Exceptional Vintage Ale from Rodenbach. I'd have to look back at my reviews of '07 and '10 to see where this one actually stands. It seems to be right up there with '10, but not as good as '07.

Photo of Jonada
4.33/5  rDev +0.7%
look: 4.25 | smell: 4.5 | taste: 4.25 | feel: 4.5 | overall: 4.25

This is essentially a cut and paste of my 2010 Vintage review since I didn't detect any noticeable differences

Appearance: Pours brownish red in color with a finger of a soapy off white/tan head. Body is dark but relatively clear with some visible carbonation streaming throughout.

Smell: Balsamic vinegar, oak, leather, green apple, tart cherries, lactic sourness, and caramel. Smells very inviting.

Taste: Similar to the nose. Tart stone fruits, vinegar, red grape, oaky tannins, hints of vanilla and a slight breadiness. Nice balance of sourness and sweet malt.

Mouthfeel: Light side of medium bodied with a slightly creamy mouthfeel. Medium soft carbonation.

Overall: Similar to the 2010 and 2008 versions, these Vintage offerings from Rodenbach are excellent, and noticeable improvements over the Grand Cru. The $20 price tag is a bit steep, but worth it IMO. One of the best of the style.

Photo of Kjanisch7
4.5/5  rDev +4.7%

Photo of Tittles
4.75/5  rDev +10.5%

Photo of Alieniloquium
3.93/5  rDev -8.6%
look: 3.5 | smell: 3.75 | taste: 4 | feel: 4 | overall: 4

750 mL bottle poured into a wine glass.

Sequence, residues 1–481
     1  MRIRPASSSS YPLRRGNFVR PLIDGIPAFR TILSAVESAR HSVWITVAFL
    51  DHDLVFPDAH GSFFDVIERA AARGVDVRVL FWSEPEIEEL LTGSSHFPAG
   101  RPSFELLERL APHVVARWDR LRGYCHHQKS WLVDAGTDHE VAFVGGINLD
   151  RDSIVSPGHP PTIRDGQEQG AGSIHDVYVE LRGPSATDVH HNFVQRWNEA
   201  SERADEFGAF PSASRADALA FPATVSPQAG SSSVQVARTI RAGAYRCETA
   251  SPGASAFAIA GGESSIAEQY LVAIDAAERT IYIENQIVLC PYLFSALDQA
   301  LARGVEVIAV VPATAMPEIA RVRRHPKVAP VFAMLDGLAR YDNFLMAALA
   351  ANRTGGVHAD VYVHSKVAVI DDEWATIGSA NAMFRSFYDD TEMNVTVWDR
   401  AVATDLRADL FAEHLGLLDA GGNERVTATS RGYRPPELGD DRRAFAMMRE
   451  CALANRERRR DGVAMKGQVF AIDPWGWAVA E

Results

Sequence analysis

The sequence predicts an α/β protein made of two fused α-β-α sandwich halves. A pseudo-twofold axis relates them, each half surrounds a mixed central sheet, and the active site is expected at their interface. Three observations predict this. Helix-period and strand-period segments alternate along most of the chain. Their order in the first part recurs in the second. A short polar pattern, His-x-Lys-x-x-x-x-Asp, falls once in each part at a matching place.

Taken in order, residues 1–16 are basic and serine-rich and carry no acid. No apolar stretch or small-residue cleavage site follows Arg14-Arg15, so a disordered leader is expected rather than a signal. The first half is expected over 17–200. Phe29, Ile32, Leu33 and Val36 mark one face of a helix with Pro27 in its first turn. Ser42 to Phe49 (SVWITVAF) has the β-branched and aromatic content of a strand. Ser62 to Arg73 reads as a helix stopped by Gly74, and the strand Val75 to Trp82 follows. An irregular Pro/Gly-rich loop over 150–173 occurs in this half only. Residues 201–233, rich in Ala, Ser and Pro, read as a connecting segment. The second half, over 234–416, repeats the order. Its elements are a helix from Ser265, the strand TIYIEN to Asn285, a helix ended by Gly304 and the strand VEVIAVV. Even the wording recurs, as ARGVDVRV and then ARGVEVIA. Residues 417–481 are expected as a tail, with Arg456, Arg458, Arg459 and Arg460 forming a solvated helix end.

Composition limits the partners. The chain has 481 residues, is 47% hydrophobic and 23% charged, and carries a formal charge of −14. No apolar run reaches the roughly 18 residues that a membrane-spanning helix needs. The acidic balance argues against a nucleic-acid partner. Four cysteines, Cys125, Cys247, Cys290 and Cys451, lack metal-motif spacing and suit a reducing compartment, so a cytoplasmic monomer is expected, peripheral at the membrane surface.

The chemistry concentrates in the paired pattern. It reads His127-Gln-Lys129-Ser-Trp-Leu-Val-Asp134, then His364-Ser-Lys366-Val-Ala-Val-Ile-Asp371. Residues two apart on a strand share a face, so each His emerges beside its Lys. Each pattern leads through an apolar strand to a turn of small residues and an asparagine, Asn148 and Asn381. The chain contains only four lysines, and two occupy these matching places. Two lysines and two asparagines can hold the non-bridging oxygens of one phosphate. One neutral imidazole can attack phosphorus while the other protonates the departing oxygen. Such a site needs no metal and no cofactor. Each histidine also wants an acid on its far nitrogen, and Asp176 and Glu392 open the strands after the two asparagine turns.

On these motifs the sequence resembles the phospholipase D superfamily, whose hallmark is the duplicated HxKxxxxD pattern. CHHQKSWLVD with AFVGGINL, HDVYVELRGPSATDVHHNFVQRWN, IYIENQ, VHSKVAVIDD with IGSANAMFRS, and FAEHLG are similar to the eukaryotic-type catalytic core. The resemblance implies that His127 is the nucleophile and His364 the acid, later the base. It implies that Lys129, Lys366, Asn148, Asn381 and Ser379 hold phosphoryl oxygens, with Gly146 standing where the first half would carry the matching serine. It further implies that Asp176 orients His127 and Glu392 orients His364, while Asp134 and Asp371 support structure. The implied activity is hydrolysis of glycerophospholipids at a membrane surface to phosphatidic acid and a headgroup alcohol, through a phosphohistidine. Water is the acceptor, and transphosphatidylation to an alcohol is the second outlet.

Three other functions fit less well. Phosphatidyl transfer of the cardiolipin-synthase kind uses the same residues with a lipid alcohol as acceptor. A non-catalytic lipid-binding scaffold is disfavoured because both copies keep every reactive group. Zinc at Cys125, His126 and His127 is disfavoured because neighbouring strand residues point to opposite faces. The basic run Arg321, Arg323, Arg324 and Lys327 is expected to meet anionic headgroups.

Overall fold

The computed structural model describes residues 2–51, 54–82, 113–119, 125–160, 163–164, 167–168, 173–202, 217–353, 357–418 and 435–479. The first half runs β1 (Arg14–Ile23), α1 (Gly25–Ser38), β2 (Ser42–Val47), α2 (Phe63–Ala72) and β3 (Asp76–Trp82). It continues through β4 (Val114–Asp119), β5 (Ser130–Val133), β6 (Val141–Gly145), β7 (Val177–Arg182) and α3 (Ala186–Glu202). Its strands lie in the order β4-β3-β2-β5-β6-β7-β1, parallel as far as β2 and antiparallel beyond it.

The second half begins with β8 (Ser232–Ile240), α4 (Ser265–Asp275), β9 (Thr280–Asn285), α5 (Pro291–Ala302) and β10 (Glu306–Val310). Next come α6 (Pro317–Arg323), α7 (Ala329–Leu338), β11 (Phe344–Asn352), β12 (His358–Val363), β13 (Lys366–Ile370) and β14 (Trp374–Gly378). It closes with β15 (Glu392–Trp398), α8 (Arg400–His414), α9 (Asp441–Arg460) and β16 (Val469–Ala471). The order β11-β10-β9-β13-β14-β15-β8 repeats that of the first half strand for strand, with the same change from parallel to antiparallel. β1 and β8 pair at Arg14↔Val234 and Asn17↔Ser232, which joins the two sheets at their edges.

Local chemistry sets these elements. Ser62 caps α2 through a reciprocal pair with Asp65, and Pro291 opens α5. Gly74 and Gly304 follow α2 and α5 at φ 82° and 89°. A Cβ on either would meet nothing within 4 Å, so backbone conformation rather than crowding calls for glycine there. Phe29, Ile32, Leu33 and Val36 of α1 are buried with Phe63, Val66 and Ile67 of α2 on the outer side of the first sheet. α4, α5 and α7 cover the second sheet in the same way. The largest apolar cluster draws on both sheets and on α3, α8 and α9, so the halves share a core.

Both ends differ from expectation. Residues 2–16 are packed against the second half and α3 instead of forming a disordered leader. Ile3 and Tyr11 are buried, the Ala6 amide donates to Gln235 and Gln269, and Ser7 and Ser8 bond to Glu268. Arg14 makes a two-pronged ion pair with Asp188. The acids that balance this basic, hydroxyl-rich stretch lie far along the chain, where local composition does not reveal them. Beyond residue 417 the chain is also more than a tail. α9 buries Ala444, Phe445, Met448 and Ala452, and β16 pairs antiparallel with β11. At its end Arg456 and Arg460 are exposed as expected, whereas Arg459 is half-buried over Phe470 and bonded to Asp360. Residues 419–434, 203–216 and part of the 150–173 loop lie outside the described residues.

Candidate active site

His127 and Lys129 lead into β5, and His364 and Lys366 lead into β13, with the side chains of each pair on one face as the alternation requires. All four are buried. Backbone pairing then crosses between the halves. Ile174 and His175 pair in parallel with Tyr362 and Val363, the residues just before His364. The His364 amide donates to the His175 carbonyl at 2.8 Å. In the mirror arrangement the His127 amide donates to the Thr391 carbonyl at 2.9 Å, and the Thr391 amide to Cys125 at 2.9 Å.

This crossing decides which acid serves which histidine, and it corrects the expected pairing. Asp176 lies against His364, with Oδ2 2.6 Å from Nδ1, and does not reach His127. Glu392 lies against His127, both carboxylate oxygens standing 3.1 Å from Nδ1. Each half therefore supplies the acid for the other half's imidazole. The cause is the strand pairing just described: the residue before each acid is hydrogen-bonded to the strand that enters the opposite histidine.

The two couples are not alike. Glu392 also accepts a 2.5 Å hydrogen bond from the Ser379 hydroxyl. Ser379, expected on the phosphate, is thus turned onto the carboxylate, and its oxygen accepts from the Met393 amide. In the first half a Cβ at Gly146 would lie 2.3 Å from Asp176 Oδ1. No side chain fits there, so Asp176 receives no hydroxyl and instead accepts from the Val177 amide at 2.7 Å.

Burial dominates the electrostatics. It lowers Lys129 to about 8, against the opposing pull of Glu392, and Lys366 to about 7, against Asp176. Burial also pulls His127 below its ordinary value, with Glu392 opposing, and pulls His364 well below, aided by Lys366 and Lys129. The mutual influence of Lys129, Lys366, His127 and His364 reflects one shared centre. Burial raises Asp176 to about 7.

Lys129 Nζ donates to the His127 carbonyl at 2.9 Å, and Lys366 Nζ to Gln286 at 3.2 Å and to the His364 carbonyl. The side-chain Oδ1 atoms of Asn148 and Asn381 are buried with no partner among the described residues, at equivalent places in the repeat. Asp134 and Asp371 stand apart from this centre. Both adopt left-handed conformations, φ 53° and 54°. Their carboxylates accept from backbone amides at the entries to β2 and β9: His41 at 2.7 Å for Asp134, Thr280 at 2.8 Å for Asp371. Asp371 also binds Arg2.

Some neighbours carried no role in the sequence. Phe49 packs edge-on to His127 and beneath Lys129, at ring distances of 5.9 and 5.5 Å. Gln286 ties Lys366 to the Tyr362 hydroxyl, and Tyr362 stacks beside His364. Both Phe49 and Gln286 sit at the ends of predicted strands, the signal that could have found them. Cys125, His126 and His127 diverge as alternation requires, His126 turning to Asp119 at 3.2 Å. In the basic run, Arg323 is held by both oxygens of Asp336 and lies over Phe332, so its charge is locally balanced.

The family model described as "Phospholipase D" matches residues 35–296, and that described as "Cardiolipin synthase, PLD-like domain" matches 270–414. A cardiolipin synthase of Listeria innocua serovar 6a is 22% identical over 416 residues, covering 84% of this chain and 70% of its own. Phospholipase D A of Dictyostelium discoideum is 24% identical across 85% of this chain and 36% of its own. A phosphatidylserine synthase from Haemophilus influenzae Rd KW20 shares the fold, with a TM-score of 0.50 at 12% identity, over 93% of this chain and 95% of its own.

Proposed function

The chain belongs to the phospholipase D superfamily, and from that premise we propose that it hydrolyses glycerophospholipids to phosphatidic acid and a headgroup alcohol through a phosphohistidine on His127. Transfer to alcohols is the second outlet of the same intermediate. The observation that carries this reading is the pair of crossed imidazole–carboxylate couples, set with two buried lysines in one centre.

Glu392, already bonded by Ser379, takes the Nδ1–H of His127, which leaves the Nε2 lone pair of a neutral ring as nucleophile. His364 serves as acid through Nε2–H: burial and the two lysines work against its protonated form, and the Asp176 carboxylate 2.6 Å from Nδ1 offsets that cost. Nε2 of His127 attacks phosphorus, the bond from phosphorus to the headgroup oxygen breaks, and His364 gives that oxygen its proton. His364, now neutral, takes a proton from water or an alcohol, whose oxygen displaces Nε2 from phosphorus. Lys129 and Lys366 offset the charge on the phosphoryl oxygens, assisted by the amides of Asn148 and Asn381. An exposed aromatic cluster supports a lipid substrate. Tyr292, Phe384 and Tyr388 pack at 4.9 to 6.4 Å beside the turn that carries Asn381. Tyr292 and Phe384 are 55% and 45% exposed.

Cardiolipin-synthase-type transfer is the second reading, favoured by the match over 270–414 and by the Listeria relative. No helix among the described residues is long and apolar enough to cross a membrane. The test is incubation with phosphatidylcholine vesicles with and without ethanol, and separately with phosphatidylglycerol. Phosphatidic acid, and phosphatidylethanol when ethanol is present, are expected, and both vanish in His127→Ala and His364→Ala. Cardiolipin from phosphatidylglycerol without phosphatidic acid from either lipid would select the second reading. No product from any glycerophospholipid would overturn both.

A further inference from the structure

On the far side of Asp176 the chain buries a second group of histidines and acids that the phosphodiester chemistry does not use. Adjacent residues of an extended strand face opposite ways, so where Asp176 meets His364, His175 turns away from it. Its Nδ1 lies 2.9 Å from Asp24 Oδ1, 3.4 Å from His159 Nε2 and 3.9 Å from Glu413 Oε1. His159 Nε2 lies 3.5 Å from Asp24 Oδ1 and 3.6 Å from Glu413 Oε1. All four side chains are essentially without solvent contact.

Appearance - Murky deep reddish brown. Nice size off white head. Some lacing and a nice collar.

Smell - Acetic acid. Really strong vinegar aroma. Deep caramel blends in the background.

Taste - The caramel is much stronger. Balances the vinegar sourness. Sweet cherry flavor followed by an oaky finish.

Mouthfeel - Heavy, but it's appropriate. Medium carbonation.

Overall - I don't get a ton of difference between this an regular Rodenbach. Still a definitive Flanders.

Photo of Zbeetleman
4.25/5  rDev -1.2%

Photo of WOLFGANG
4.5/5  rDev +4.7%

Photo of BigBry
4.25/5  rDev -1.2%

Photo of FUwolfpacker
4/5  rDev -7%

Photo of mdfb79
4/5  rDev -7%

Photo of Kmat10
4.25/5  rDev -1.2%

Photo of FliryVorru
5/5  rDev +16.3%

Photo of IronDjinn
4.38/5  rDev +1.9%
look: 4 | smell: 4 | taste: 4.5 | feel: 4 | overall: 4.75

From a 750 ml brown bottle, black foil around the neck, caged and corked. Pours out a hazed nutty garnet hue, with a tall spongy light beige head that slowly settles.

Sour cherries and wood appear first on the nose, while further inspection reveals some mild grainy malt, hints of caramel, along with some cidery acidity.

Does ephemeral goodness count as a flavour description? Ah, but that would be the easy way out. Sour cherries, grainy and biscuity malt, earthy and wood character, balsamic vinegar, dry pear peel, dry cider, a general musty character on the finish. Dry wafery chocolate notes appear in the aftertaste, lingering with some oak and acidity. Honestly the break down does no justice to how well this all works together, it's far greater than the sum of its parts.